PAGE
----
I’ve had lots of suicidal thoughts. My cub stayed with me one night when they were especially bad, reminding me every few minutes that Depression is a Liar. Hearing that, knowing it for certain, is what kept (keeps) me going. Hearing that so-and-so loves me doesn’t do much for my mindset because I rationalize that away easily. Depression Lies, however, works wonders.
The thoughts of suicide are so enticing. They call to me seductively as if they were sirens on the ocean’s rocks.
“A suicidal person may not ask for help, but that doesn’t mean that help isn’t wanted. People who take their lives don’t want to die—they just want to stop hurting.”
When I had my first serious clinical depression in my late teens, I didn’t understand the “wanting the pain to stop” aspect and teetered really close to the edge of death.
As I got older and had some decent therapy, I was able to verbalize the inner turmoil and excruciating emotional pain that was drawing me towards dying. Understanding that I didn’t really want to die, but just to stop hurting… a pain that went so deep as to injure my soul… I was able to cling to those brief seconds of “medication will help remove the pain… hang on a little bit longer.”
Medication and therapy have not failed me yet.
Work has been nearly impossible the way I feel. I can do one call, then need 2 hours off to regroup. The calls are easy, mostly with regulars, but the energy expenditure exhausts me. Even writing this post has taken 4 days so far. Ugh. I need to be able to work!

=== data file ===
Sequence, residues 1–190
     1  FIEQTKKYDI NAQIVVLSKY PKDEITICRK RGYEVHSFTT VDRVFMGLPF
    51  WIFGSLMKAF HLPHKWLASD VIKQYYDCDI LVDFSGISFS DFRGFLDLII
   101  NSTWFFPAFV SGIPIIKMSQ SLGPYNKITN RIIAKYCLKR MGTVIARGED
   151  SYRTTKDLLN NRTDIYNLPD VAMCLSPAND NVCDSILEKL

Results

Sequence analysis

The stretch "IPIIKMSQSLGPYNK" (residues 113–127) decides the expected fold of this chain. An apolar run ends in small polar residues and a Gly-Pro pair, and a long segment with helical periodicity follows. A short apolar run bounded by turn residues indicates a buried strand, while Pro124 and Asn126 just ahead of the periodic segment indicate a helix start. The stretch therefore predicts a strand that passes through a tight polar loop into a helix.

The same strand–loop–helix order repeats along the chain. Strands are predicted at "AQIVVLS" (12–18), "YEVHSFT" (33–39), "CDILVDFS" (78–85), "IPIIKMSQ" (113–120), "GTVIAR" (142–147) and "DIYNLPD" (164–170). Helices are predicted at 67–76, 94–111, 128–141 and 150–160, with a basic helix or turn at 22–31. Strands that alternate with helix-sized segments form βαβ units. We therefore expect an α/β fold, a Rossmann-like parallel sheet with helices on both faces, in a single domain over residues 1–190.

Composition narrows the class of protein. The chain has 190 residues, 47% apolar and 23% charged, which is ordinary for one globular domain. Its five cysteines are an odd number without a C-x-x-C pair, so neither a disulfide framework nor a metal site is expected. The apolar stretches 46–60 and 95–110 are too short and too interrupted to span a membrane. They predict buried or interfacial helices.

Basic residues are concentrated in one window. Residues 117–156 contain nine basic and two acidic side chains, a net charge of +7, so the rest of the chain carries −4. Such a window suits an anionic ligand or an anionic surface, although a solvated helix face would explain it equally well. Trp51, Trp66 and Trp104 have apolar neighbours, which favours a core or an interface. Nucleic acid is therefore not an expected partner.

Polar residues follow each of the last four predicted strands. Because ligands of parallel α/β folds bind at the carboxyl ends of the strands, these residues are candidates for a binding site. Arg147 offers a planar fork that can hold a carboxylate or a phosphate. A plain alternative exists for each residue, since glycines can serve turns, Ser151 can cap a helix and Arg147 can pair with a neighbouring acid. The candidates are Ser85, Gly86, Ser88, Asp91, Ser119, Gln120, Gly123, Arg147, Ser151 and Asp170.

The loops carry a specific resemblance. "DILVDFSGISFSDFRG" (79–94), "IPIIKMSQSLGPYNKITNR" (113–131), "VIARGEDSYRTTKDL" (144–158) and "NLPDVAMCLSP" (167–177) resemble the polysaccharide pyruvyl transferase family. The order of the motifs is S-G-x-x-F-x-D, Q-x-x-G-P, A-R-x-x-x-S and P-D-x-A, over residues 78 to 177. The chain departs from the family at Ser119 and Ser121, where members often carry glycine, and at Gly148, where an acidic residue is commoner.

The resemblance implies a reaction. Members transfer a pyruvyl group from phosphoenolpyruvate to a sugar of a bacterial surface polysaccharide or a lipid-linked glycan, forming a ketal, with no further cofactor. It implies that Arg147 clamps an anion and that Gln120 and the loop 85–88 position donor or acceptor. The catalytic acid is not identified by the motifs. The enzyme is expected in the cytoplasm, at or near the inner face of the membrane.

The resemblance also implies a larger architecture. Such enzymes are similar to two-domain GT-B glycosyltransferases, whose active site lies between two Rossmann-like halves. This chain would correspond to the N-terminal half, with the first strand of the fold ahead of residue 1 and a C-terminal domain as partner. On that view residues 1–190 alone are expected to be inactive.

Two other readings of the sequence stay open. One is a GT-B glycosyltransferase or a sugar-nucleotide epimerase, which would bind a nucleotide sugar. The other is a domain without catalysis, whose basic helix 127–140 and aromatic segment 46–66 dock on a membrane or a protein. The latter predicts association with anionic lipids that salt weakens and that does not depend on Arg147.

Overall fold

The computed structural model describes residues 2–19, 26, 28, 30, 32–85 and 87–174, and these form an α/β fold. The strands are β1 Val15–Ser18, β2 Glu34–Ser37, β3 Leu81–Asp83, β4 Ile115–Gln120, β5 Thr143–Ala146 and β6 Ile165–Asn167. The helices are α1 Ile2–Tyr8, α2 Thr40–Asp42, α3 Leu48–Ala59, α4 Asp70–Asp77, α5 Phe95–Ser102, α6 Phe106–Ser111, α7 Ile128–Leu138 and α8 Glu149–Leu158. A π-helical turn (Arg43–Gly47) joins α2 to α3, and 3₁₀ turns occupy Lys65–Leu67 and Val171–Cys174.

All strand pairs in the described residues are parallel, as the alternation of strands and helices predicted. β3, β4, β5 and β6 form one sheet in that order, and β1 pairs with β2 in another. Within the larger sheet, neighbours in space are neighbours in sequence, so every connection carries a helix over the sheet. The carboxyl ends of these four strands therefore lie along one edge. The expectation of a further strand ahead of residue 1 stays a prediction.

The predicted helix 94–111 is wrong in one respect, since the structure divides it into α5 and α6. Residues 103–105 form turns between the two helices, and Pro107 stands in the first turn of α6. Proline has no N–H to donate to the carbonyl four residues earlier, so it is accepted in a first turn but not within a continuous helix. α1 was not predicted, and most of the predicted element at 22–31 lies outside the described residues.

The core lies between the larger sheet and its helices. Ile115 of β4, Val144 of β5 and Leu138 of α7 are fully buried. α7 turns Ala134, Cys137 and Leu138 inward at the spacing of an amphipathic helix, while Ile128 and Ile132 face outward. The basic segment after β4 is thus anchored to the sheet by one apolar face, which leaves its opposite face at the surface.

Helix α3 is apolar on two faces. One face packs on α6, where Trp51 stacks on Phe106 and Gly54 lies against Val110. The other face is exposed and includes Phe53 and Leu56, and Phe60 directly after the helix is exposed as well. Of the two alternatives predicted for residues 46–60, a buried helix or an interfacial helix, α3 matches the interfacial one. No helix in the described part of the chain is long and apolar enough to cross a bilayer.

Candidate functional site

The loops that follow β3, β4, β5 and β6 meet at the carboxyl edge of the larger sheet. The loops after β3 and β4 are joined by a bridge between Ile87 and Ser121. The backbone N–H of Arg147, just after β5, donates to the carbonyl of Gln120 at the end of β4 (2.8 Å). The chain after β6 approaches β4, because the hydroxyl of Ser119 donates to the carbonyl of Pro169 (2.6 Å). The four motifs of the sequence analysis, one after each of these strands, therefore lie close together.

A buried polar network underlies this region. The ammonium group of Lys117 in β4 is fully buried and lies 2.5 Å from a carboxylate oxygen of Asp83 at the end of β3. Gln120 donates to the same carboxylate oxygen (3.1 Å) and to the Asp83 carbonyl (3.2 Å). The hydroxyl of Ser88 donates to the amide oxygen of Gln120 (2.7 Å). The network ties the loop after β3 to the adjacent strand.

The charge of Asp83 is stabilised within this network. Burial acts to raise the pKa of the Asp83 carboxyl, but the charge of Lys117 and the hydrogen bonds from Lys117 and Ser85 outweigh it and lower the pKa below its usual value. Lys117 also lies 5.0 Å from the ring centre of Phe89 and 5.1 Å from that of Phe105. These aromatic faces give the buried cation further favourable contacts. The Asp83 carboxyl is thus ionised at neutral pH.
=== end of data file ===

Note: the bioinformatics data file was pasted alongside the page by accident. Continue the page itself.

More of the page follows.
Okay, I need to get this out to you all. It is not a cry for help, I promise. I will not hurt myself, have no plans to. It’s just those random thoughts that flow through my mind… sometimes like heavy cinder blocks and others like wafting vapors. As long as they continue moving on the conveyor belt, I think I’m okay and headed towards healing.
My psychiatrist, whom I adore, was great, totally understanding where I have been. I did tell him about the suicidal thoughts, said the standard line “I do not have a plan to kill myself and promise I will not” to quell any concerns he might have.
I forgot to mention in the last post that all my hallucinations have vanished. ALL of them. I cannot remember a time in 2 decades that I have not had at least one hallucination going on, usually olfactory. My world has quieted… and it is disconcertingly odd.
I was prescribed Paxil, 20 mg a day and see the doc again in 2 weeks to see if we up it or not. I also lowered the Cymbalta from 90 mg a day to 60 mg a day for a week, then down to 30 mg after that. Interestingly, I have never taken Paxil in all these decades with Depression and Bipolar Disorder.
Dr. Google revealed that Paxil can bring on hypomania, mania, insomnia, agitation and more. I read those side effects and thought, “Bring it on!”
It takes 2-3 weeks to really begin working in earnest and then another few weeks to settle into the system. Crossing my fingers things get better fast. I miss writing!